A noisier game than this could scarcely be desired by the most boisterous of our young friends. The players having selected a “conductor,” seat themselves round him in a circle. The conductor now assigns to each a musical instrument, and shows how it is to be played. When all are provided with their imaginary instruments, the conductor orders them to tune, and by so doing, he gives each musician a capital opportunity for making all sorts of discordant noises.
When the different instruments have been tuned, the conductor waves an unseen bâton, and commences humming a lively air, in which he is accompanied by the whole of his band, each player endeavouring to imitate with his hands the different movements made in performing on a real instrument.
Every now and then the conductor pretends to play on a certain instrument, and the player to whom it belongs must instantly alter his movements for those of the conductor, and continue to wield the bâton until the chief player abandons his instrument.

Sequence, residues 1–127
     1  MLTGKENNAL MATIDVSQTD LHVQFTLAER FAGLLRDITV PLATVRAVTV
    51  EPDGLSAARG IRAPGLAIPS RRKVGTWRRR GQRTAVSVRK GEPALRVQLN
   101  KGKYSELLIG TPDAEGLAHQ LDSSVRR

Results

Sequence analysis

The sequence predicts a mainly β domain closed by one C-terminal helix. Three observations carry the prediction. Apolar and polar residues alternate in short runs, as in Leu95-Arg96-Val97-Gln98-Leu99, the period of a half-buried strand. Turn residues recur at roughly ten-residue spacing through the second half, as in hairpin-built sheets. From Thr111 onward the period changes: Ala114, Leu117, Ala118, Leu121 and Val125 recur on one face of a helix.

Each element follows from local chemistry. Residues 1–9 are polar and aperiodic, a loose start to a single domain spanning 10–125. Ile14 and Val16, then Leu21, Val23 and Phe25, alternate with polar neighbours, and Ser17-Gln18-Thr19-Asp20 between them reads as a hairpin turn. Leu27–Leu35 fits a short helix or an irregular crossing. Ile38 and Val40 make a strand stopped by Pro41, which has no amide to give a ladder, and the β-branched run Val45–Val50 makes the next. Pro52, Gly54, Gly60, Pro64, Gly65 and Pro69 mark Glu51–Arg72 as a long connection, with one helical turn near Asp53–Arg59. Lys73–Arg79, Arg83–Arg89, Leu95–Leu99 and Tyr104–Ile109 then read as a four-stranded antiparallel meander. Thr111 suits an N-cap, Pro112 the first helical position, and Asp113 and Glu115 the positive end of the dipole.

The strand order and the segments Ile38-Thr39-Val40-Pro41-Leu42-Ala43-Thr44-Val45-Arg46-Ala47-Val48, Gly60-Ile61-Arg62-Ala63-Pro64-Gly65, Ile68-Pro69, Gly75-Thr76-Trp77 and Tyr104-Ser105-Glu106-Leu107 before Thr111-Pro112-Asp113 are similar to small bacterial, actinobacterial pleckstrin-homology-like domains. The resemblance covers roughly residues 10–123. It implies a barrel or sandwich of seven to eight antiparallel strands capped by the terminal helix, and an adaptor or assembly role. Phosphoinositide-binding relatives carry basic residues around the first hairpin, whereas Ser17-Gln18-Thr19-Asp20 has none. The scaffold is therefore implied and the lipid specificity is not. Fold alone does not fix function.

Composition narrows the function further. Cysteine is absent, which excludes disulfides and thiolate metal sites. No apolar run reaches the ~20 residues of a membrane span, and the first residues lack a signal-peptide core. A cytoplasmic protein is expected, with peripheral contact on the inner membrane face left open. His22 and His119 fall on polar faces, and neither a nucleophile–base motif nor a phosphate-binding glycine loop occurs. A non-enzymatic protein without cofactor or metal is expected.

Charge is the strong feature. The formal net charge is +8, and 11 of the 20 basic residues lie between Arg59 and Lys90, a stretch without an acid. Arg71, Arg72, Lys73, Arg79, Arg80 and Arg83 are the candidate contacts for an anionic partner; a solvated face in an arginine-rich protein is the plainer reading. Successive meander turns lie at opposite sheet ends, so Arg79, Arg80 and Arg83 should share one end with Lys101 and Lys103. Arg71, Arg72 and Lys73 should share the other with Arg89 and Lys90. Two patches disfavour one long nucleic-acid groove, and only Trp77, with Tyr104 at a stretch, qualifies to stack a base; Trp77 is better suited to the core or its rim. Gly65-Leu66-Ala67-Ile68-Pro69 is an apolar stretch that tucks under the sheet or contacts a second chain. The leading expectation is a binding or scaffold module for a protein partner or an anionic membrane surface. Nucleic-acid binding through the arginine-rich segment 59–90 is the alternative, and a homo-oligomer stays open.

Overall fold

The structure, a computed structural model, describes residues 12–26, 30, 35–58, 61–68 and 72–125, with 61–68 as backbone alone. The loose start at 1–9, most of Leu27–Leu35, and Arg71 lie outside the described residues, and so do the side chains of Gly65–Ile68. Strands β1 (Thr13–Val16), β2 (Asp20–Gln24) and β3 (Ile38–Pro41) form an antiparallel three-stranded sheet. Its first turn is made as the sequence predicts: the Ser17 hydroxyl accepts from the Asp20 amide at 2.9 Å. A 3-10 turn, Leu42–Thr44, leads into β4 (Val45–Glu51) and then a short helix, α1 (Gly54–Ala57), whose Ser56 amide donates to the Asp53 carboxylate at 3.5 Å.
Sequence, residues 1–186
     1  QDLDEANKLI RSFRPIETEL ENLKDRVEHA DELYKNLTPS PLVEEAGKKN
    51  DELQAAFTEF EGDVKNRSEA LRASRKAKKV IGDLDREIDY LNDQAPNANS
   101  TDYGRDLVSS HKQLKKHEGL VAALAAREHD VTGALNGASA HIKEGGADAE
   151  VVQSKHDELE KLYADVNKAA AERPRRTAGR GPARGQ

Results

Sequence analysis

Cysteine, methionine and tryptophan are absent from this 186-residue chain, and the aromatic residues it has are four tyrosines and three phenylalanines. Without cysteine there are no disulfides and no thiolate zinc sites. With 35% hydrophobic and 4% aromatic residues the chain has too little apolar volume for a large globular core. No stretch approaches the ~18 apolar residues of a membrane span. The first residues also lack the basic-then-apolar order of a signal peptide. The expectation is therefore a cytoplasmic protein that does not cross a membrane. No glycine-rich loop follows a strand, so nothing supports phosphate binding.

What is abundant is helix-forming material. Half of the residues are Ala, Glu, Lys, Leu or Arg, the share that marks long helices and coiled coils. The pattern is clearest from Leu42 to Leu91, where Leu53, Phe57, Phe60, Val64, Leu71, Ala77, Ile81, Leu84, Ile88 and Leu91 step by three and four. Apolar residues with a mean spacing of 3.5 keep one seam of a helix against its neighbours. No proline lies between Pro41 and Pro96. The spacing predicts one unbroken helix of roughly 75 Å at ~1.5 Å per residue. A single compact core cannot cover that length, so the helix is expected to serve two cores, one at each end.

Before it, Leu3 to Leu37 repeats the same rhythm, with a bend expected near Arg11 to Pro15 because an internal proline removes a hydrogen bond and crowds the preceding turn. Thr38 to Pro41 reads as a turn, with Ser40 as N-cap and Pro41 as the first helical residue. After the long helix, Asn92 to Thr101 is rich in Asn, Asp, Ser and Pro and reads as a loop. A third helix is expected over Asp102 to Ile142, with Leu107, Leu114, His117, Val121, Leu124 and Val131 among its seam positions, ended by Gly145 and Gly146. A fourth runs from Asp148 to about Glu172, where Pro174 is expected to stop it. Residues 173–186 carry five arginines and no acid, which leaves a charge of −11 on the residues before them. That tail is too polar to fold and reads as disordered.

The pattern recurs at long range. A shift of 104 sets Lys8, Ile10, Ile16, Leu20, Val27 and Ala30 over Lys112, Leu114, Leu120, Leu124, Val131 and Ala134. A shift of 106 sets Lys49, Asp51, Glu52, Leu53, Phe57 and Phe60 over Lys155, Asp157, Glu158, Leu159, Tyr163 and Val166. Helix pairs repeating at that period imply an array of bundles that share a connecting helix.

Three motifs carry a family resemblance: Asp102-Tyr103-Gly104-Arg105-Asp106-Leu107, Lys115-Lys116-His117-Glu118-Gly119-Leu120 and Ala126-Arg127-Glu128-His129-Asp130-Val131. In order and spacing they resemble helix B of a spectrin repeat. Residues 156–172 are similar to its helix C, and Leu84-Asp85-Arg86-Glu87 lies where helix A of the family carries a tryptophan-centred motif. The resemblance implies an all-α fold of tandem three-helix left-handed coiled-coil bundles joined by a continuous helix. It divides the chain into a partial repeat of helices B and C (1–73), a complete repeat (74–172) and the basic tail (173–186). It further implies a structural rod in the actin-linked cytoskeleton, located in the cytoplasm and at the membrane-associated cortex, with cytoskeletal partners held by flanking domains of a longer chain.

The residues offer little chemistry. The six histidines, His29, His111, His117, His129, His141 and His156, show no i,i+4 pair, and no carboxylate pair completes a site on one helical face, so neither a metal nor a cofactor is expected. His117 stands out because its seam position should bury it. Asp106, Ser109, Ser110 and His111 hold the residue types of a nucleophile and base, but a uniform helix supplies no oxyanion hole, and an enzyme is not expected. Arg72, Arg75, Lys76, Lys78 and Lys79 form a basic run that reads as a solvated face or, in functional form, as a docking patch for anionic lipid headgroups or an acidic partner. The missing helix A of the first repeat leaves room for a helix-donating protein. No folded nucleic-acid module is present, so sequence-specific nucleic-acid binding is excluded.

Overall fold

Should a player omit to take the conductor’s office at the proper time, he must pay a forfeit. The fun of this game greatly depends upon the humour of the conductor, and the adroitness with which he relinquishes his bâton and takes up the instruments of the other players.
Excerpt from the book:
EVERY BOY’S BOOK: A COMPLETE ENCYCLOPÆDIA OF SPORTS AND AMUSEMENTS.
EDITED BY EDMUND ROUTLEDGE.
With more than Six Hundred Illustrations
FROM ORIGINAL DESIGNS.
LONDON: GEORGE ROUTLEDGE AND SONS,
THE BROADWAY, LUDGATE.
NEW YORK: 416, BROOME STREET.
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